For IBM-MAIN subscribe / signoff / archive access instructions,
send email to ***@listserv.ua.edu with the message: INFO IBM-MAIN
Mike Schwab
2017-05-16 23:35:43 UTC
Permalink
Raw Message
Maybe IBM can publish the info or an II apar to document the
application coding techniques causing the problem.
Post by Peter Hunkeler
Post by Allan Kielstra
It sounds like it's time to open a PMR. Do you want to do that and can you do that?
I'm not allowed to open a PMR by myself but asking my colleagues to open one is not a problem. It is only that I don't see what to report as an error in this case. From the long lasting investigation starting November 2016 to find a problem with Smart/Restart that started to pop up more often for exactly the same reason, I understand that the decimal overflow mask bit in the PSW and Language Environment's duty to support the different expectations of COBOL on one side and C and PL/I on the other side work as documented.
We had a PMR open with LE during the analysis of the Smart/Restart problem, and IBM LE did not seem to see a problem in the current behaviour.
What would you recommend we should report in the PMR? Maybe we continue to discuss offline, and report back here when there is interesting news?
Regards, Peter
--
Peter Hunkeler
----------------------------------------------------------------------
For IBM-MAIN subscribe / signoff / archive access instructions,
--
Mike A Schwab, Springfield IL USA
Where do Forest Rangers go to get away from it all?

----------------------------------------------------------------------
For IBM-MAIN subscribe / signoff / archive access instructions,
send email to ***@listserv.ua.edu with the message: INFO IBM-MAIN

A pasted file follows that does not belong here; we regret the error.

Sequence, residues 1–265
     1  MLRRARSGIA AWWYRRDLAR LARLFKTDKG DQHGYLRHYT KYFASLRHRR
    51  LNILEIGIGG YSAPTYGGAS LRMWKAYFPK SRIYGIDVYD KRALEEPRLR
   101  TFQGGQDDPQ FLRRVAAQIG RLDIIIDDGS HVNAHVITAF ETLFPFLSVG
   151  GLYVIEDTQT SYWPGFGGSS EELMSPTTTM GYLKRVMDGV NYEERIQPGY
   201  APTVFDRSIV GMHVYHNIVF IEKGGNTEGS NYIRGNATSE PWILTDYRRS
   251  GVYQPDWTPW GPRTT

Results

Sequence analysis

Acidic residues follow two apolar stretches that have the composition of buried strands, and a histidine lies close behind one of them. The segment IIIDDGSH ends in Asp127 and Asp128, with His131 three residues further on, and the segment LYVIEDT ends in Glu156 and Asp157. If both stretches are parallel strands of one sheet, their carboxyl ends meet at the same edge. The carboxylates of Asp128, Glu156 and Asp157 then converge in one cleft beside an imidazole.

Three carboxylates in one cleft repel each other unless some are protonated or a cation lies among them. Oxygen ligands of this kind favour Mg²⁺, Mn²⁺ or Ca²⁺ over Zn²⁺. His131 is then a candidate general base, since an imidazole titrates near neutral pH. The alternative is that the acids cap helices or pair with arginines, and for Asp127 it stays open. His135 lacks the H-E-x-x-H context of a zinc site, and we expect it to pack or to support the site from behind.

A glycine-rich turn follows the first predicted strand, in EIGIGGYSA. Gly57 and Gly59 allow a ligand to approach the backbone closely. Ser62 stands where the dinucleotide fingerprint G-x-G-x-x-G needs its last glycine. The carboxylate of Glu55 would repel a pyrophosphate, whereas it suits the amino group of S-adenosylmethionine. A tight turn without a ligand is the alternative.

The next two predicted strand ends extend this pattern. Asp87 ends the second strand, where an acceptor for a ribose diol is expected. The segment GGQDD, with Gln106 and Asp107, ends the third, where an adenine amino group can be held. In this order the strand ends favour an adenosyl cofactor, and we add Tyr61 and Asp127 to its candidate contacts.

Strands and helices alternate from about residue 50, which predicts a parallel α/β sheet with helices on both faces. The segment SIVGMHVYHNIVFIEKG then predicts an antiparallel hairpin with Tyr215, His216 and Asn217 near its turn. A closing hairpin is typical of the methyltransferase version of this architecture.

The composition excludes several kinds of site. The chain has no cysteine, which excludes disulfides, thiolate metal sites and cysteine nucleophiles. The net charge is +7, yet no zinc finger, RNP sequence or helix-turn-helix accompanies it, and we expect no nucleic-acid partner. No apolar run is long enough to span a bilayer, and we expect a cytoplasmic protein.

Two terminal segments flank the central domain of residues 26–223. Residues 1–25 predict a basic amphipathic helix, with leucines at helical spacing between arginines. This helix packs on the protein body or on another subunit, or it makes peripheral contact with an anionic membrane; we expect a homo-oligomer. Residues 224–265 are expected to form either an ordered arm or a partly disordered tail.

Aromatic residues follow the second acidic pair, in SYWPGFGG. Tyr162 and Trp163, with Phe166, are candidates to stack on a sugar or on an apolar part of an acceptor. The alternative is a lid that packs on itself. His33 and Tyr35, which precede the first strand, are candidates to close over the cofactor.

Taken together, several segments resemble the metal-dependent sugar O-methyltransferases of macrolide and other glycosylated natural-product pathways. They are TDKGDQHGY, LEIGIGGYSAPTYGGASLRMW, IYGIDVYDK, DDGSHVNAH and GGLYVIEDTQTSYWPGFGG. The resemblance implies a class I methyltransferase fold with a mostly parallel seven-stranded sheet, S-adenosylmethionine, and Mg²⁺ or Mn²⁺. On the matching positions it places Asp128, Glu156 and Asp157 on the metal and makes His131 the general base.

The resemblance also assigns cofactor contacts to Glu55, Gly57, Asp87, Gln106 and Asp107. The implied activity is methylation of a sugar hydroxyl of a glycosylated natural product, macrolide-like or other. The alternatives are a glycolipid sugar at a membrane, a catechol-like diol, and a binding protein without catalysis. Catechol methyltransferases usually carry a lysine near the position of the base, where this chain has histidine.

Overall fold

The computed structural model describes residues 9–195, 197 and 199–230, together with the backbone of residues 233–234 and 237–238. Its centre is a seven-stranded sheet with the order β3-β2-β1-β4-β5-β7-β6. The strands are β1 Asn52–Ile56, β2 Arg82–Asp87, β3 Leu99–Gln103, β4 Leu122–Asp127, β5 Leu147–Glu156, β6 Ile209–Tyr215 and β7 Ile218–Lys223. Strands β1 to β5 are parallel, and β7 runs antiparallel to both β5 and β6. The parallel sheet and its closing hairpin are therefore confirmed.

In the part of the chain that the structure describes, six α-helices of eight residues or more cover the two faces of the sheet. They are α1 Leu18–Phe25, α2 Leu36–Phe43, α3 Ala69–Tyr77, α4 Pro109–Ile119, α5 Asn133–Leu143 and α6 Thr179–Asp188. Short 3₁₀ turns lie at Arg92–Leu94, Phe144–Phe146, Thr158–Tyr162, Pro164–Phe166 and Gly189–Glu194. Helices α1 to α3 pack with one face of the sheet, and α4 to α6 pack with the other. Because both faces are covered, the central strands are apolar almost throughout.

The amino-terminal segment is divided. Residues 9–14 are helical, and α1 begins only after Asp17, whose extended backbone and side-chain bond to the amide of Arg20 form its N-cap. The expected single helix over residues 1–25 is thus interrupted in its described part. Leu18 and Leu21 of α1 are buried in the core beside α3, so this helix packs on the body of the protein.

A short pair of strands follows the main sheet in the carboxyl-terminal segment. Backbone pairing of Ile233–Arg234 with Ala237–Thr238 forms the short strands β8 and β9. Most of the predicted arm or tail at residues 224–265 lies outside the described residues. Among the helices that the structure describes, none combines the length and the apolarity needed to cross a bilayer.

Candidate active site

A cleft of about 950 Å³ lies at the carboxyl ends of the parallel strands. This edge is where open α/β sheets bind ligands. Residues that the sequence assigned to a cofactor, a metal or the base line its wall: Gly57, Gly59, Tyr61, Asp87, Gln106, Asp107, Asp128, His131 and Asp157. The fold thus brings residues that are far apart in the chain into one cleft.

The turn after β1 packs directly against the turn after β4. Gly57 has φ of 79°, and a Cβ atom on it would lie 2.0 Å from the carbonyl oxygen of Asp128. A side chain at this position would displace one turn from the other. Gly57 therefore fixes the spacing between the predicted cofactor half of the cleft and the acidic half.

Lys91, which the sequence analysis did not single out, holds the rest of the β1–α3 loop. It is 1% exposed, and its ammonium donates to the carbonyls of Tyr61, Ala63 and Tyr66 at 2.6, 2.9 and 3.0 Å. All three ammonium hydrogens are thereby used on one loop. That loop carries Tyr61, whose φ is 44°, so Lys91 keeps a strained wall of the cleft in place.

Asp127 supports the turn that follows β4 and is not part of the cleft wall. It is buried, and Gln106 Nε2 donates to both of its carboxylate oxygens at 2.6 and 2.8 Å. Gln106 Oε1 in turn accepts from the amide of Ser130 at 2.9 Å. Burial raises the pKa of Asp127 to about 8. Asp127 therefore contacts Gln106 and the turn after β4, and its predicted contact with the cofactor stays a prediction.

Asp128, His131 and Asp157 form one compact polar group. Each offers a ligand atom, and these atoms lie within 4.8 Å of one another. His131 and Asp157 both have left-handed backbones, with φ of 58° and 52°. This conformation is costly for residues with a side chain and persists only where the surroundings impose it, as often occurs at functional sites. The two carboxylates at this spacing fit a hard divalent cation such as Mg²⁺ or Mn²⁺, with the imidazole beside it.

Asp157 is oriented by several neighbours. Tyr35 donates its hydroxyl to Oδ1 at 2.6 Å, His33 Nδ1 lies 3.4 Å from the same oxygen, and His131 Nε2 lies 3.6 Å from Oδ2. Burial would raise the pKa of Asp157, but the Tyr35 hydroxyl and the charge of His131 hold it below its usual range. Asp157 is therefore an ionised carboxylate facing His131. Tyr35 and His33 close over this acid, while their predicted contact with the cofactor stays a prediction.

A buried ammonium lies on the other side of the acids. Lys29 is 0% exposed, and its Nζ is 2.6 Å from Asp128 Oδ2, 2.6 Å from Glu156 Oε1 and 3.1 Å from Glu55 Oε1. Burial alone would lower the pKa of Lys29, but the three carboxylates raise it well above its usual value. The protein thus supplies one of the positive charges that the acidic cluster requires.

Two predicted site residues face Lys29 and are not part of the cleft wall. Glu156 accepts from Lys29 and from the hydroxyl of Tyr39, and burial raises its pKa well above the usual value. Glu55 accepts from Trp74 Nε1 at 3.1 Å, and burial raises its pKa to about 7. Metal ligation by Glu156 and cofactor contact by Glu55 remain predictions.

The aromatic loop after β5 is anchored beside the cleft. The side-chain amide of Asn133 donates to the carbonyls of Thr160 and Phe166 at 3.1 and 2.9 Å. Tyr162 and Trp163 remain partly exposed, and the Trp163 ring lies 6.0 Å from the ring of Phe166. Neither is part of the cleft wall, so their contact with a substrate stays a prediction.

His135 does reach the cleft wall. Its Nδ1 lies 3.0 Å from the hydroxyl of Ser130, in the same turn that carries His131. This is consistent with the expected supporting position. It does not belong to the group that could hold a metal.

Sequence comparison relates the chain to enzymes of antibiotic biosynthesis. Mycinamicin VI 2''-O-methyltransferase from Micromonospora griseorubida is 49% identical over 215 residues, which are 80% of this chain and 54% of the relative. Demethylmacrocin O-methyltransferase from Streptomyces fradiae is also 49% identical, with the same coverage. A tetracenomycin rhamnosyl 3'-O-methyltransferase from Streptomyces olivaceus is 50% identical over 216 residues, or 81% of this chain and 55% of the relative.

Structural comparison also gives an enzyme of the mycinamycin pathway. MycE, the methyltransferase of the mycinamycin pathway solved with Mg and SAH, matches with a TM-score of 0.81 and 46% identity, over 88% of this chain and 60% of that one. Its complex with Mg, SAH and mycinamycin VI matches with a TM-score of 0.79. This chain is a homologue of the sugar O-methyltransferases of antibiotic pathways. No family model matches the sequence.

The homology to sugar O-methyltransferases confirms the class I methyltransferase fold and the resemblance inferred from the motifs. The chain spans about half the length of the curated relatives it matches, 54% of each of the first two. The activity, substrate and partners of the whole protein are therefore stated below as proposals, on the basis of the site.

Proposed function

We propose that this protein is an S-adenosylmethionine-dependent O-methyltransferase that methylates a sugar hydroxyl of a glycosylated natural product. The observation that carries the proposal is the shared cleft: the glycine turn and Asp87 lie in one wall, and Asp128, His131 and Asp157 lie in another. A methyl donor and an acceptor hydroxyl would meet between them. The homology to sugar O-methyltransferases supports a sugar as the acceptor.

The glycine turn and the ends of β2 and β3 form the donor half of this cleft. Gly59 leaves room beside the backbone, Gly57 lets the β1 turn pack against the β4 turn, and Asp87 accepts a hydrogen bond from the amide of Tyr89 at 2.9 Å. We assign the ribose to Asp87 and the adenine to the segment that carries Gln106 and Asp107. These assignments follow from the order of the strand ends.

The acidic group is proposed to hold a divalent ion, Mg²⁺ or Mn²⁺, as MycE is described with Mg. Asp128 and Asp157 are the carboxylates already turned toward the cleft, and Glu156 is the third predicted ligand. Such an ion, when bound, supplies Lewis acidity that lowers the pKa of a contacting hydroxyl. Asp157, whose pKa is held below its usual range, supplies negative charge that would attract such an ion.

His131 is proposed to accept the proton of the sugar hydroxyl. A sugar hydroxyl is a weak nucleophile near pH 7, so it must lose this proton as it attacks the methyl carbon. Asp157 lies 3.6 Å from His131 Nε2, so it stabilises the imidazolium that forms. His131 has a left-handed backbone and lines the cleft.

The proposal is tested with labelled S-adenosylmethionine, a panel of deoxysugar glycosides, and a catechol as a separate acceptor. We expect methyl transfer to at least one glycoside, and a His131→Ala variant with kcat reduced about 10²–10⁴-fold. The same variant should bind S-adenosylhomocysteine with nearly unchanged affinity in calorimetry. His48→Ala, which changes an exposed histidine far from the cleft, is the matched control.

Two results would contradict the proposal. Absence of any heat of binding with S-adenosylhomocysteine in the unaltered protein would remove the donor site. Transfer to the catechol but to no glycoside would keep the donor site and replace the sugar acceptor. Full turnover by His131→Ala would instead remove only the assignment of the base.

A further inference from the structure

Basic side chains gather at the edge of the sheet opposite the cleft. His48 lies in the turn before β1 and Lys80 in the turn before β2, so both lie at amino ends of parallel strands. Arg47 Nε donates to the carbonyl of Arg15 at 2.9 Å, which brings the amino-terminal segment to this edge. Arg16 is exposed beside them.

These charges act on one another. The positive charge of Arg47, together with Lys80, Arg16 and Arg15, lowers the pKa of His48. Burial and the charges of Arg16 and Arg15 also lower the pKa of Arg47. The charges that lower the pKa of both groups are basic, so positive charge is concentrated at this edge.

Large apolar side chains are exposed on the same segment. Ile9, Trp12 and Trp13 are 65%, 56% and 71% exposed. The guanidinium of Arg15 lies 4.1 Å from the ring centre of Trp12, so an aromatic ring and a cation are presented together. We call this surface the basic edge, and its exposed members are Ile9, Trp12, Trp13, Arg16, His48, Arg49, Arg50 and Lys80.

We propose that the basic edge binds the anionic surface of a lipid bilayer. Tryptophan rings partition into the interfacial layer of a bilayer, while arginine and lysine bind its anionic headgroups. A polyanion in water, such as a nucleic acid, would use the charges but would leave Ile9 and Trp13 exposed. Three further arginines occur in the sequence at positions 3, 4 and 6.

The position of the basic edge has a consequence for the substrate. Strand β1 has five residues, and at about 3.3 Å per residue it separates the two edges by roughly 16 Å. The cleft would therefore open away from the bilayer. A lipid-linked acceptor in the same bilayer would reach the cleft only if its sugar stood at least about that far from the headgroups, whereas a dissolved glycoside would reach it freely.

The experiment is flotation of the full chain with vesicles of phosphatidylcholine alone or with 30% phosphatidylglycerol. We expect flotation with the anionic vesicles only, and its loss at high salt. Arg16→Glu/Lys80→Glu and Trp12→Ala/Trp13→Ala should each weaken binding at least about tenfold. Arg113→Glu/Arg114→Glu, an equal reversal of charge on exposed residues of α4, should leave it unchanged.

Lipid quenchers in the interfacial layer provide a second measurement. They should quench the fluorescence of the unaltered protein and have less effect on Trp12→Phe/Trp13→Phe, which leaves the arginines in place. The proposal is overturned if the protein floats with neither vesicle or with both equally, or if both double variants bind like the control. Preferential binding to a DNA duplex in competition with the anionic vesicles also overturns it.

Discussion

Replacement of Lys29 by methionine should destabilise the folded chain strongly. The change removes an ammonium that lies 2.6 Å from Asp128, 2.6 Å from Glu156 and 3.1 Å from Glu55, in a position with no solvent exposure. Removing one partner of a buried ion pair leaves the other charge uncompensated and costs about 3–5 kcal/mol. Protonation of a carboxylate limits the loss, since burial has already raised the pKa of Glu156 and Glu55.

Paul Gilmartin
2017-05-16 23:54:28 UTC
Permalink
Raw Message
Post by Mike Schwab
Maybe IBM can publish the info or an II apar to document the
application coding techniques causing the problem.
If move-with-truncation is a conventional COBOL operation,
the resolution should not be, "Don't do that!"

I detest quiet truncation. It's hardly better if it takes an
inordinately long time.

Another possible resolution, with its own performance consequence,
is for the compiler-generated code to test (every time) whether
overflow is about to occur and handle it as a special case. It
might be better just to abandon the use of DFP.

-- gil

----------------------------------------------------------------------
For IBM-MAIN subscribe / signoff / archive access instructions,
send email to ***@listserv.ua.edu with the message: INFO IBM-MAIN
Peter Hunkeler
2017-05-17 11:42:59 UTC
Permalink
Raw Message
Post by Paul Gilmartin
Post by Mike Schwab
Maybe IBM can publish the info or an II apar to document the
application coding techniques causing the problem.
If move-with-truncation is a conventional COBOL operation,
the resolution should not be, "Don't do that!"
I agree.
Post by Paul Gilmartin
I detest quiet truncation. It's hardly better if it takes an
inordinately long time.


I agree.
Post by Paul Gilmartin
Another possible resolution, with its own performance consequence,
is for the compiler-generated code to test (every time) whether
overflow is about to occur and handle it as a special case. It
might be better just to abandon the use of DFP.




Well, that was what Cobol up to V4 did: Not making use of modern, fast, cache protecting instructions. Cobol V5 change this, to the benefit in general, I would assume. It is only that truncation may cause pain. BTW, it is not only with DFP instructions, it is also with other decimal instructions such as SRP.


--
Peter Hunkeler



----------------------------------------------------------------------
For IBM-MAIN subscribe / signoff / archive access instructions,
send email to ***@listserv.ua.edu with the message: INFO IBM-MAIN
Tom Marchant
2017-05-17 11:49:23 UTC
Permalink
Raw Message
Post by Paul Gilmartin
It
might be better just to abandon the use of DFP.
I don't believe that this has anything to do with DFP.
The decimal overflow exception that Peter reports occurs with Packed